- Baby Boomers and their children drive demand for big rigs
- Small Escape model gets update to appeal to both demographics
Baby boomers emptying the nest and their adult offspring starting families are driving demand for sport utility vehicles, which will account for two in five new auto sales in the U.S. by 2020, according to Ford Motor Co.
Americans will buy a record 5 million SUVs in 2015, fueled by low gasoline prices, cheap car loans and a desire for high-riding big rigs that can haul plenty of people and possessions, according to Kevin Schad, brand manager for the Ford Escape. Sales of SUVs and sport wagons are up 16 percent this year, according to researcher Autodata Corp. And they account for almost a third of auto sales in the U.S., Schad said.
Ford is giving its top-selling SUV, the compact Escape, a facelift to beef up its styling, quiet the cabin and enhance technology offerings in a bid to appeal to both the boomers and the millennial generation. Ford raised the hood and broadened the shoulders to make the Escape look less like a wagon. And it installed software that lets drivers unlock, start or locate their vehicle with a smartphone.
“The two largest cohorts in America are evolving into different life stages, which, ironically, require the same vehicle,” Schad said in a preview of the new Escape last week. “Millennials are evolving into a life stage where they’re starting to settle down and have families and they need more space in their car. Baby boomers are looking for a vehicle that supports the reality of some of their physical disposition.”
The freshened Ford will be on display at the Los Angeles Auto Show, which opens this week. Other SUVs at the event include Jaguar’s first, called the F-Pace; the Bentley Bentayga; and Cadillac’s XT5, which replaces the SRX. Toyota is also refreshing its compact RAV4, including a hybrid to the lineup.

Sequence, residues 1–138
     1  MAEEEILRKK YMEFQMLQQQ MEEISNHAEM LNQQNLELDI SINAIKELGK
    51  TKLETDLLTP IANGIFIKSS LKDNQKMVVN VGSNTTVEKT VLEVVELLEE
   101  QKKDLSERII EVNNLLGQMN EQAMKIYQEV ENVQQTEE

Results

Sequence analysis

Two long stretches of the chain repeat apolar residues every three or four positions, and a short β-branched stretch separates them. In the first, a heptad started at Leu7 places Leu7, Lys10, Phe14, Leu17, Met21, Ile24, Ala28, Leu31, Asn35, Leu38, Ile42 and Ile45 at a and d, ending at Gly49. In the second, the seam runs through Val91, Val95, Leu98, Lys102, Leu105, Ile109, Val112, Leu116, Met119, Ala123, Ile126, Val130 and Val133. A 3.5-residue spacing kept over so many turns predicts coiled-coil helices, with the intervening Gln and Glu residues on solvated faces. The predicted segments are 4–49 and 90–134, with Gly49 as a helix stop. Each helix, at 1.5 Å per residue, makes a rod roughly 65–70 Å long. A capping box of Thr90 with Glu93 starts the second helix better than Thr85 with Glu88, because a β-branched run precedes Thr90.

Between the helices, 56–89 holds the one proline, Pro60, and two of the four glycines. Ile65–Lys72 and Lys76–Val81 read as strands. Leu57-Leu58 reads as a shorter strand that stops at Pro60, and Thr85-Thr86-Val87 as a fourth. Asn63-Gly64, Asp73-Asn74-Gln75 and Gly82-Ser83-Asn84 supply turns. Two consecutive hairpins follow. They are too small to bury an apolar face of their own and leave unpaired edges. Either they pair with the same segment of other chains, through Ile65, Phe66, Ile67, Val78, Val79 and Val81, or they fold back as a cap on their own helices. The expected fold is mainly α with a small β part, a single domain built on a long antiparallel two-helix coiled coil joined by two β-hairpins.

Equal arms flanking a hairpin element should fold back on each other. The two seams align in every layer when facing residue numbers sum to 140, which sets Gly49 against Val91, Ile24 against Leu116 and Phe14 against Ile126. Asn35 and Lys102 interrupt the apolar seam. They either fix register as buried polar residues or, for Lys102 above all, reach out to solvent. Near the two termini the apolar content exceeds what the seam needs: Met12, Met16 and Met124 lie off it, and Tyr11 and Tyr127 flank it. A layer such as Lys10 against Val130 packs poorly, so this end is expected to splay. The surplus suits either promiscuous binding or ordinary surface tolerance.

Boomers who pioneered the SUV a quarter century ago “feel more comfortable on the road” in them because they ride high and are easier to get into and out of than low-riding sedans, Schad said. Millennials who grew up in the back seat of SUVs see them as the family car of the modern age. And now that they are having children, millennials are moving out of small sedans and into SUVs, he said.
New Family Car
The return of the SUV has caused car sales to plummet. Family sedans like the Toyota Camry and Honda Accord and small cars like the Ford Focus were considered “the heart of the market” a few years ago, Schad said.
“Well, that was thrown out the window when the compact SUV segment surpassed both of those segments last year to emerge as the No. 1 segment in the industry,” Schad said. “And we haven’t seen that growth slow at all this year.”
Ford is looking to capitalize on that growth by offering the Escape with two new fuel-efficient turbocharged engines and a suite of safety technologies such as forward-collision warning and adaptive cruise control that maintains a set distance from traffic ahead.
In a nod to tradition-minded boomers, Ford restored knob controls on the dashboard for the radio and climate control system. The automaker has been dinged in quality surveys for switching to a balky dashboard touch screen.
The Escape is the second-best-selling small SUV on the market, behind the Honda CR-V. That is the SUV segment where Ford sees the most growth potential as boomers and millennials increasingly turn to those roomy rides.
“The compact SUV is the epicenter of growth,” Schad said. “That segment has really taken off since the economic downturn and industry recovery in 2008 and 2009 and doubled sales.”